Fidelity: the third ethical principle

Posted on by Leslie Gelling in Ethics, Fidelity, Recruitment and retention, Research, Research ethics

So far in this series of blogs I have written about beneficence and non-maleficence so this week I turn my attention to the third ethical principle – ‘fidelity’.  Fidelity is the principle concerned with building trusting relationships between researchers and research participants.  On agreeing to participate in a research project, participants are entrusting themselves to the researcher who has an obligation to protect each participant, as far as possible, from any harm as a result of participating in their research.

It is essential that researchers gain the trust of the participants in their research by being open and honest about possible risks and burdens.  As noted in my previous blogs, no research is without risk so it is essential that potential research participants know what possible risks they might be exposing themselves to.  During the process of providing information, researchers should include all the information someone might need to make an informed decision about participating in the research.  Some might choose not to participate when they know the possible risks but those who decide to consent and to participate are more likely to remain in the research if they trust the researcher and are not surprised by the burden of participation.

It is equally important to ensuring high quality research that researchers are able to trust that participants will do what is expected of them.  For example, in consenting to participate in a clinical trial of a new medicine, participants agree to take the new drug as instructed by the researchers.  If they do not take the medicine according to the study protocol the data collected from that individual will be flawed and this could have a negative impact on the quality of the research and on the development of important new medicines.

During the process of seeking informed consent, researchers will have informed potential participants that they will be able to withdraw from the research at any time and that withdrawing will have no consequence for their future treatment.  A research participant who has a trusting relationship with the researchers will believe this reassurance and will withdraw from the research if they no longer wish to take the trial medicine.  This also has advantages for researchers, who will have better quality data if such participants withdraw.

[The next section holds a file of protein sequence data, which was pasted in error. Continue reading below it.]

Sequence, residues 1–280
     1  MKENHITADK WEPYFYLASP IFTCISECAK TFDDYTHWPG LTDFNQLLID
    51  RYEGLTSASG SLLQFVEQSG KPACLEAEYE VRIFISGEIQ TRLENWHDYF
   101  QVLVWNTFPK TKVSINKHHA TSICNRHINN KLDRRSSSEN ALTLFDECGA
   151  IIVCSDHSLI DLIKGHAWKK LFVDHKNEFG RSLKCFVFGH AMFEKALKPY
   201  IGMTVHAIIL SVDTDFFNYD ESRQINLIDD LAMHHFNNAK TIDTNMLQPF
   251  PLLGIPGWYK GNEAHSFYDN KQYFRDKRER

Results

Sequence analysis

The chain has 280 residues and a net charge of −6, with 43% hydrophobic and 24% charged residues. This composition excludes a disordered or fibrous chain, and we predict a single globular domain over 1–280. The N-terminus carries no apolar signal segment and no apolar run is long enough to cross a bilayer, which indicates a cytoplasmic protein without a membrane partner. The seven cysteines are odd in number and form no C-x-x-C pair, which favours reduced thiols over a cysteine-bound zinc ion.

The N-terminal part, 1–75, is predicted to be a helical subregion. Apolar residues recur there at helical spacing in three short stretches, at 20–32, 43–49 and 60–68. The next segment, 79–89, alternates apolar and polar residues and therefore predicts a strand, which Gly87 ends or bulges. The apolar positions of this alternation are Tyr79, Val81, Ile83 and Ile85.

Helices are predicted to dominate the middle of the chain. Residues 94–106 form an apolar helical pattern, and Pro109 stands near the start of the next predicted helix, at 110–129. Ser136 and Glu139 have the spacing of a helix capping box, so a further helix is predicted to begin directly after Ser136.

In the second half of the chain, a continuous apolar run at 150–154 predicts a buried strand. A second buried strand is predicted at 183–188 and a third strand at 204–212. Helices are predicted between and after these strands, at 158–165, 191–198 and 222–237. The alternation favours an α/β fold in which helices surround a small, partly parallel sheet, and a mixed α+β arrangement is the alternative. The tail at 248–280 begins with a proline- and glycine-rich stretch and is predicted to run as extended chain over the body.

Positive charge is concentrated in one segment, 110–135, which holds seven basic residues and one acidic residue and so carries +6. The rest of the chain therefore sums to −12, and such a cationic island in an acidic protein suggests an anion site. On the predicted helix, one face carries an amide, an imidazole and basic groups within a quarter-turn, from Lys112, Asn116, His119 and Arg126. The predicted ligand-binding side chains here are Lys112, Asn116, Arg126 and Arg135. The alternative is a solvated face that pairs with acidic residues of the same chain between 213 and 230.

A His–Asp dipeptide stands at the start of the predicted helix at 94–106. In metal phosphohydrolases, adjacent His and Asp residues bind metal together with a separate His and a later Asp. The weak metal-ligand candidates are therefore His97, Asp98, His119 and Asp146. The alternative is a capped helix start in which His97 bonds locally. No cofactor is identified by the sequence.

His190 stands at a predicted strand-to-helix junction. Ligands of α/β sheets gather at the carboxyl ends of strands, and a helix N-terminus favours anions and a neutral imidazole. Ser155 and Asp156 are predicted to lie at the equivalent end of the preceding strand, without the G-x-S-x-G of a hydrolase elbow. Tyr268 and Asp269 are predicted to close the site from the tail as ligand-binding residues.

Another example of the importance of fidelity and the building of trusting relationships is in qualitative research where the quality of the data is again dependent on the quality of relationships between researchers and research participants.  Qualitative researchers seek to explore personal experiences so they need participants to be honest in their descriptions of those experiences.  If participants don’t trust the researchers when they make statements about confidentiality and the anonymisation of data there is a danger that participants might be less than honest about their experiences and might even tell the researchers what they think they want to hear.

Fidelity is a key ethical principle in all research and is closely linked to the other six principles.  It is a two-way process with researchers needing to trust research participants as much as participants need to trust researchers.  If there is a breakdown in this trusting relationship there will inevitably be consequences for the quality of the research.

In next week’s blog I will write about the fourth ethical principle – justice.

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